I crossed the line, got my medal (I cried). Someone shook my hand and congratulated me and I just beamed at him. And then while I walked from the finish line to the International Tent I cried a bit more.



I've had an eventful journey to Comrades that actually started when I had our babies and I felt like I'd lost a part of me. I've made (for me) a necessary change to regain some of what was missing and that feels great. Thanks to you all for being part of my journey. I could feel the love and support of you all every time I crossed a chip mat.

What more can I say except if you want to know what it feels like to run 90km, sign up. 

"Go forward
 Go forward..."

H x
Comrades 2015 
10hrs 3mins 52 secs
Tantrums - 0
Tears - lots

Thanks again everyone. x




14 comments:

  1. I read your blog, I cried..... Well, maybe not - I'm a bloke after all, so that's not allowed! (although I cried like a girl at the end of my first marathon!).
    Huge congratulations, as much for the journey as for the result. My wife suffered with postnatal depression after our second. It's immensely important to have something to focus on outside of children to make you realise that being a Mum is just one part of you rather than all-consuming.
    Be very proud of yourself, and the team around you.

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    1. Thanks Neil. Yes, identity is such an important thing to keep tight a hold of and understand. It's so easy to let go of all the things that help make you you to become a Mother. Just because we're female people (including ourselves) assume we know what we're doing with this mothering malarky, when actually we have about the same idea as the next person. And it's hard work, much harder work than just being who you were before. I hope your wife climbed back into the light too, it's much nicer here that's for sure! And thanks for reading and your support :) H

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  3. Wonderful Helen, so pleased for you and how good it has been to follow your journey - from the day before Rosie was born right through to finishing reading above. You did it for you and shared it with us, so a massive well done and a huge thank you too! Look forward to hearing more about it in time! xx

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    1. Hi Keith, thanks to you and Penny for being part of the journey :) What a cracking day it was. Look forward to seeing you both up North soon. Hope you're both well too. H x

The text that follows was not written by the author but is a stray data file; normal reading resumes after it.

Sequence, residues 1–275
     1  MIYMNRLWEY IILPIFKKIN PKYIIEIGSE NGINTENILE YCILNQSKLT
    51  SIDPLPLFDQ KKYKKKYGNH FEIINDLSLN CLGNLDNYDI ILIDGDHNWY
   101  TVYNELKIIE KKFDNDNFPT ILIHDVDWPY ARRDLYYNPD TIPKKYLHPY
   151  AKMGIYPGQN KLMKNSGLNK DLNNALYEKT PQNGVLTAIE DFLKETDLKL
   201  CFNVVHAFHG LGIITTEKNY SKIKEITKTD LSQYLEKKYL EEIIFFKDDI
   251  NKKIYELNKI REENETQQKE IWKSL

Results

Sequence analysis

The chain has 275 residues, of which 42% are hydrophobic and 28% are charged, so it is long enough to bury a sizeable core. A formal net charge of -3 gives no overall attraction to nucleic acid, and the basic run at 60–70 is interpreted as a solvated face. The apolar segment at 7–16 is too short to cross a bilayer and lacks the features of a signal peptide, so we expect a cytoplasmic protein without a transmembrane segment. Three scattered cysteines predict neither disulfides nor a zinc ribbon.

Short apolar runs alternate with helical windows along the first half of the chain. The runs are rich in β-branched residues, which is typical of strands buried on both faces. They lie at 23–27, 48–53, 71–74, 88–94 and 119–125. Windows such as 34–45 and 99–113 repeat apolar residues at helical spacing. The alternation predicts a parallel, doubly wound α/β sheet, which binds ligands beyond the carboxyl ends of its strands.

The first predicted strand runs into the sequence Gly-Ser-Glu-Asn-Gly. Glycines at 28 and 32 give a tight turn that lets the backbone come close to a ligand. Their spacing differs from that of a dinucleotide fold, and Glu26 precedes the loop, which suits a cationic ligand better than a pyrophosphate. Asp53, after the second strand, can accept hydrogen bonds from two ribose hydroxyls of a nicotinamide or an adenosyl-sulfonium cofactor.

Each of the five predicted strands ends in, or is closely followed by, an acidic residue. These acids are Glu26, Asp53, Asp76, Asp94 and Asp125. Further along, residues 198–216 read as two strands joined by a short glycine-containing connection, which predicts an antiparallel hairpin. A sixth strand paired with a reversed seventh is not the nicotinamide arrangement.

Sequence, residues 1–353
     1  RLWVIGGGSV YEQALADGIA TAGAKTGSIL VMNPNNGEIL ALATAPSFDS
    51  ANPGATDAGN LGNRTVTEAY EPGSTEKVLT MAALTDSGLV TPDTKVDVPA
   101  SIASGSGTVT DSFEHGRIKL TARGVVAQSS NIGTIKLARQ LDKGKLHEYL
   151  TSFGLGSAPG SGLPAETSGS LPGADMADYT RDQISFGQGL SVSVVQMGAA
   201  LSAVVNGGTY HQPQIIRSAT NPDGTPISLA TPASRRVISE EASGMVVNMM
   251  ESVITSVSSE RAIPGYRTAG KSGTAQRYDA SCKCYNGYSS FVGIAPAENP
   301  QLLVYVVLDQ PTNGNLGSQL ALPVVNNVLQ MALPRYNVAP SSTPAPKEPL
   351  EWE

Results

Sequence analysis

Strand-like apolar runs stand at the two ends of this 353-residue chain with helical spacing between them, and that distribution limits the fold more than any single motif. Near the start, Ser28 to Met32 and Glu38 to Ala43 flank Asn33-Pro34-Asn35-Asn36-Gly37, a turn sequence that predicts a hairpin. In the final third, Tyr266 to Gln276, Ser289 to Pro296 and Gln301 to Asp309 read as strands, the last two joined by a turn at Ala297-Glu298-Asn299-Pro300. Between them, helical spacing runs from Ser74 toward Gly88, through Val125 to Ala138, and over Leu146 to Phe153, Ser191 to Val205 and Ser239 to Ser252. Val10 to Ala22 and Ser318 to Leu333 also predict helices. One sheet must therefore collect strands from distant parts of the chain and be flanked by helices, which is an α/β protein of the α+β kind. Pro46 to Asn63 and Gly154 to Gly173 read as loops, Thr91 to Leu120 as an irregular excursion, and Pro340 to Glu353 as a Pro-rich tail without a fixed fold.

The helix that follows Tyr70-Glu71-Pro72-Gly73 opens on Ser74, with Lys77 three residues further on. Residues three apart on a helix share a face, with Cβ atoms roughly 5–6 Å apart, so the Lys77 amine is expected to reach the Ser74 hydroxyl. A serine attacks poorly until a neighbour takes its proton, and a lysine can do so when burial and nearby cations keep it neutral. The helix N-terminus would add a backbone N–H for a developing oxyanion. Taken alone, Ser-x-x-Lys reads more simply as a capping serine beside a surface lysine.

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  4. Excellent stuff. Many thanks for sharing your journey with us.

    Derwyn

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    1. Hi Derwyn, hope your legs have recovered! Wasn't it just and amazing day?!! Hope your mates are all blown away by your cracking time. We made memories that day that no one will ever really understand (unless they've run it) because actually the race itself was a huge journey too wasn't it! Great to meet you in the tent afterwards and share our stories. H x

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  5. Superbly written.
    Brilliantly run.
    Well travelled.
    Great journey.

    So well done!
    Thanks for taking us along with you ��

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    Replies
    1. And thank you for your ever kind and supporting words along the way. Everyone's just been amazing. It was worth the hardship, hard work and the tears along the way because man alive, Comrades is a race I'll never forget as long as I live :) H x

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  6. Congratulations, fantastic result! Listening to your account of the day on MarathonTalk pretty much has me convinced to head back there again next year for #4 :)

    B2B for yourself surely?

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    1. Thanks John. What a cracking day! Glad you're heading back there again. Hope you had as great a day as I did. I won't be doing the b2b because I had such a magic day, I'd hate to tarnish my amazing memories with a bad one and I'm not sure I could bear the training again lol! I'm going short for a while I think. Good luck yourself though and enjoy :)

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  7. Fantastic race report Helen! Your whole Comrades journey was/is inspiring. I was listening in on Marathon Talk, and kept cheering you on in my mind. Congratulations on a wonderful race:-) Hannah

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    1. Thanks Hannah :) It's certainly been one heck of a journey! Thankfully a good one in the end lol!